Home & Garden

Blocked Storm drain outside basement Entry Door

  • Last Updated:
  • Aug 14th, 2021 1:02 pm
[OP]
Newbie
Apr 2, 2018
87 posts
13 upvotes

Blocked Storm drain outside basement Entry Door

Hello,
My storm drain outside the basement entry door (this area is around 3 x 3 ft and is a step lower than surrounding areas and is all concrete) is connected to drainage system inside the home. Due to debris like sand, gravel, soil the drain is blocked and as per plumber snake & water jet will not work on it.
The plumber I consulted gave us two options
1) To change the entire drain pipe from 1.5 inches to 3"as the 1.5" is not enough. Build a catch basin and then connect it with 3" to the stack.
2) Dig 5-6 ft deeper and try to find the weeping tile installation and connect the storm drain directly to it totally bypassing it from the indoor system. I like this idea better but we are not sure whether our detached home build in 1989 (Brampton, ON) is installed with weeping tile system, It will be a wasted expense if the weeping tile is not found.
This is our own idea - build a French drain and take it to our backyard. Basement entry to backyard is covered by concrete pavers which can be easily removed and drain installed. Can't take it front as it will involving breaking through existing concrete for around 15 ft.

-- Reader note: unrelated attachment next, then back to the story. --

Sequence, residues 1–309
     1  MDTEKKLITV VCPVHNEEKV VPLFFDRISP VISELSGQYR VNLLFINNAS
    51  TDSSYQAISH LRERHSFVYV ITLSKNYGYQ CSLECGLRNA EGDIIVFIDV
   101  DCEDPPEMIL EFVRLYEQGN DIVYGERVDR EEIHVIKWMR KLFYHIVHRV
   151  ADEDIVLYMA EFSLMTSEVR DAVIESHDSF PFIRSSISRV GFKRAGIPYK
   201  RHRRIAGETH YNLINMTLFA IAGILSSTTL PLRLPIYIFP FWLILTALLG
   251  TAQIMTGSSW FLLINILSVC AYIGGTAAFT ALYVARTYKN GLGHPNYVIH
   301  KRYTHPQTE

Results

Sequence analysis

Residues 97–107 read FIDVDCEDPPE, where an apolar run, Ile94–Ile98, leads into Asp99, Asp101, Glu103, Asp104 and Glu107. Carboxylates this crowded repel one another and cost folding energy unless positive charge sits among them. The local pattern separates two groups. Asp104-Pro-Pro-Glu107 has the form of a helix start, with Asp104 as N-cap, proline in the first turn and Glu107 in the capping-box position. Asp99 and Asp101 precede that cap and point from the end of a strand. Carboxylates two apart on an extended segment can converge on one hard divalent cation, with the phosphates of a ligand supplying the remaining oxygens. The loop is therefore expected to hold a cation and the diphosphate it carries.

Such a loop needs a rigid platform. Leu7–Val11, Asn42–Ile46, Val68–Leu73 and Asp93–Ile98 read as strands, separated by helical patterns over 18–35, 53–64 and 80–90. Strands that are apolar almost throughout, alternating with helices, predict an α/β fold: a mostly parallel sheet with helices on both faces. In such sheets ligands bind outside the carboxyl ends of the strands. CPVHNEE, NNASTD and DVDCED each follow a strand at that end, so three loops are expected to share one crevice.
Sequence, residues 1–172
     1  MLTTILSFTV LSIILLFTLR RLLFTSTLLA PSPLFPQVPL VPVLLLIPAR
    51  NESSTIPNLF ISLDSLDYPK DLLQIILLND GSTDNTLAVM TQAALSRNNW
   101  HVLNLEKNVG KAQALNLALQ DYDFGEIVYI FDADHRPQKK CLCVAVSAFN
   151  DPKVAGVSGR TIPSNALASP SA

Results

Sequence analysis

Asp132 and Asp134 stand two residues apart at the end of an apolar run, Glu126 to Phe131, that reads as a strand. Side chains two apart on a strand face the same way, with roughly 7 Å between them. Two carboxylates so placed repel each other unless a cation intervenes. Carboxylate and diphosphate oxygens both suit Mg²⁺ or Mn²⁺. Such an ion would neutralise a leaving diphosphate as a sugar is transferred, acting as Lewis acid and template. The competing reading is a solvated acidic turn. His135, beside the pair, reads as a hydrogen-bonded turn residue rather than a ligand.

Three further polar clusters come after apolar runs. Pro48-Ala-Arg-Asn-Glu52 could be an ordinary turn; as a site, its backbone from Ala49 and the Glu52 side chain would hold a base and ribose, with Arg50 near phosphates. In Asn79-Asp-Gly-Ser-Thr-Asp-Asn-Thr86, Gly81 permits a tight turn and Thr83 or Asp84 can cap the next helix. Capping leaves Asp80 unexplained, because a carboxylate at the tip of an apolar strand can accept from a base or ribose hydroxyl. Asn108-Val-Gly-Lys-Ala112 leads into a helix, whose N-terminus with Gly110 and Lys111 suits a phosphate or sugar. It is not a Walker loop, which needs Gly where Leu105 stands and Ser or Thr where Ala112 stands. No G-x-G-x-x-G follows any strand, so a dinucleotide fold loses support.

Looking for recommendations about best way to deal with it as all options involves a lot of money and I don't want to take any chances.
Images
  • basement entry door.jpg
  • pic 1.jpg
11 replies
Deal Addict
Jun 26, 2019
2003 posts
1733 upvotes
GTA
To go through your options.

#1 is likely illegal, as the area is not covered, etc, you are not allowed to connect it to sanitary.

#2 is a common practice, the design of the foundation would likely include a weeper to avoid the loading of saturated soils on the foundation. I assume you don't have a sump pit, do you have a storm and sanitary sewer on your street?

#3 Could work. Can you reach daylight in your backyard or would all the flows have to infiltrate? If you were to go this option, you would likely want to have solid pipe in the sideyard, as per OBC you are now allowed to infiltrate within 5m of a foundation. Additionally, this would be prone to freezing, which could create issues for you and threaten that house/entrance.

Also, get locates, if you or your contractor damages that gas without them, its going to be a bad time.
[OP]
Newbie
Apr 2, 2018
87 posts
13 upvotes
Thank you so much for detailed explanation.
Regarding #1 The plumbing guy told me if we add a catch basin , p strap then it would be legal attaching it to the stack else it’s not legal. Haven’t researched on my own regarding this.
#2 we bought this house few years ago and not sure about sump pit (Most likely not there). Not very handy or knowledgeable regarding this stuff. There is a storm drain (square one ) on our street but couldn't see any neighbors gutter attached to the storm one. Everyone's gutter is flowing into driveway or front yard.